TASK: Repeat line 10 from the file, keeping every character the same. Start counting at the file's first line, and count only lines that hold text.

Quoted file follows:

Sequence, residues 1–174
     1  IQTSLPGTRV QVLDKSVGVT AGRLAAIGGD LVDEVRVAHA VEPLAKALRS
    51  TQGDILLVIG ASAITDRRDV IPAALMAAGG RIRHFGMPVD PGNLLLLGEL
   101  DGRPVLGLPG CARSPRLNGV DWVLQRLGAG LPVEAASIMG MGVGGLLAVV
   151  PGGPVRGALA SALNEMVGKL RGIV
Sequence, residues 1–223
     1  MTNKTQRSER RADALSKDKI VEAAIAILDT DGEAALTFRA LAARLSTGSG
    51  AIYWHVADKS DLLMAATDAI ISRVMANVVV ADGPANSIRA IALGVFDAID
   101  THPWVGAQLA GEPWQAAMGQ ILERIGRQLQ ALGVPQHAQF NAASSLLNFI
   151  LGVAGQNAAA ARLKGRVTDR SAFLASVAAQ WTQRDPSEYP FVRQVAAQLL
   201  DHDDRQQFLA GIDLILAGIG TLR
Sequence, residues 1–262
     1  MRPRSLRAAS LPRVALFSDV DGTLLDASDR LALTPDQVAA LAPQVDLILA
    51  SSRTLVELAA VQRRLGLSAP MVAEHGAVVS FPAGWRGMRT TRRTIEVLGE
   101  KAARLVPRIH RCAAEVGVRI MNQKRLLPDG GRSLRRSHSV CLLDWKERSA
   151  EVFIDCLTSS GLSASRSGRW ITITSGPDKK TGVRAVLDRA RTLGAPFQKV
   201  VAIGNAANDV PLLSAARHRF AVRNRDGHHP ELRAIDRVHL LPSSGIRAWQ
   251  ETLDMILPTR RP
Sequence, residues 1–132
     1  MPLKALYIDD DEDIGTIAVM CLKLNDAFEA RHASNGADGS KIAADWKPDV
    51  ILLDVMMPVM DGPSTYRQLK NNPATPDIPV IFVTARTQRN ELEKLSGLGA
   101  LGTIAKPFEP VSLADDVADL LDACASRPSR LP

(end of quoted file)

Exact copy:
   151  LGVAGQNAAA ARLKGRVTDR SAFLASVAAQ WTQRDPSEYP FVRQVAAQLL